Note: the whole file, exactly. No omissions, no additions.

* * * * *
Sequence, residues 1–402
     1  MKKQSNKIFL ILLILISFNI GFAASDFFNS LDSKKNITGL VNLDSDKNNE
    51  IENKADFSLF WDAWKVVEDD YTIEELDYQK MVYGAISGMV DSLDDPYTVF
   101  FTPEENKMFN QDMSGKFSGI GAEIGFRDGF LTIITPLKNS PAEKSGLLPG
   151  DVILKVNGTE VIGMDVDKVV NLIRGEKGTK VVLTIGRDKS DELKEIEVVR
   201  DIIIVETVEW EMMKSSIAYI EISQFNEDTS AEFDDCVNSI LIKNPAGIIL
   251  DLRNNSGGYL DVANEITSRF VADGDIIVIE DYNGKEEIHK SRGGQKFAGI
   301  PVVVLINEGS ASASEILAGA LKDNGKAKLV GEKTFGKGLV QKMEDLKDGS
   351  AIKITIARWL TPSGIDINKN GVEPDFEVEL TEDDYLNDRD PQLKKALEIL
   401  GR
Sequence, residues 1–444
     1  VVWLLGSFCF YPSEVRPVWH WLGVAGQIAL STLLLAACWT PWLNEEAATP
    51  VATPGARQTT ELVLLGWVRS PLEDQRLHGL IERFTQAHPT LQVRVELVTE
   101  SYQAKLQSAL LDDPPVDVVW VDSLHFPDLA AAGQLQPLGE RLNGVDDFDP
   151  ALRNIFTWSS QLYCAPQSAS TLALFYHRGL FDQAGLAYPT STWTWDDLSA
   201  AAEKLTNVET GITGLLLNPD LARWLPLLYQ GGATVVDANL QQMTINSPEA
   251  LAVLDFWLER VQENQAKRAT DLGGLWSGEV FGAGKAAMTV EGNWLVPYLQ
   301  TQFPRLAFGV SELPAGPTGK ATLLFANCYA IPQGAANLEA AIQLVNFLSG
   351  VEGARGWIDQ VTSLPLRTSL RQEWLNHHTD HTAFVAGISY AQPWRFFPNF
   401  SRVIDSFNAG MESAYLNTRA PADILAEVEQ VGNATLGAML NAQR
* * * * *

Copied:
Sequence, residues 1–402
     1  MKKQSNKIFL ILLILISFNI GFAASDFFNS LDSKKNITGL VNLDSDKNNE
    51  IENKADFSLF WDAWKVVEDD YTIEELDYQK MVYGAISGMV DSLDDPYTVF
   101  FTPEENKMFN QDMSGKFSGI GAEIGFRDGF LTIITPLKNS PAEKSGLLPG
   151  DVILKVNGTE VIGMDVDKVV NLIRGEKGTK VVLTIGRDKS DELKEIEVVR
   201  DIIIVETVEW EMMKSSIAYI EISQFNEDTS AEFDDCVNSI LIKNPAGIIL
   251  DLRNNSGGYL DVANEITSRF VADGDIIVIE DYNGKEEIHK SRGGQKFAGI
   301  PVVVLINEGS ASASEILAGA LKDNGKAKLV GEKTFGKGLV QKMEDLKDGS
   351  AIKITIARWL TPSGIDINKN GVEPDFEVEL TEDDYLNDRD PQLKKALEIL
   401  GR
Sequence, residues 1–444
     1  VVWLLGSFCF YPSEVRPVWH WLGVAGQIAL STLLLAACWT PWLNEEAATP
    51  VATPGARQTT ELVLLGWVRS PLEDQRLHGL IERFTQAHPT LQVRVELVTE
   101  SYQAKLQSAL LDDPPVDVVW VDSLHFPDLA AAGQLQPLGE RLNGVDDFDP
   151  ALRNIFTWSS QLYCAPQSAS TLALFYHRGL FDQAGLAYPT STWTWDDLSA
   201  AAEKLTNVET GITGLLLNPD LARWLPLLYQ GGATVVDANL QQMTINSPEA
   251  LAVLDFWLER VQENQAKRAT DLGGLWSGEV FGAGKAAMTV EGNWLVPYLQ
   301  TQFPRLAFGV SELPAGPTGK ATLLFANCYA IPQGAANLEA AIQLVNFLSG
   351  VEGARGWIDQ VTSLPLRTSL RQEWLNHHTD HTAFVAGISY AQPWRFFPNF
   401  SRVIDSFNAG MESAYLNTRA PADILAEVEQ VGNATLGAML NAQR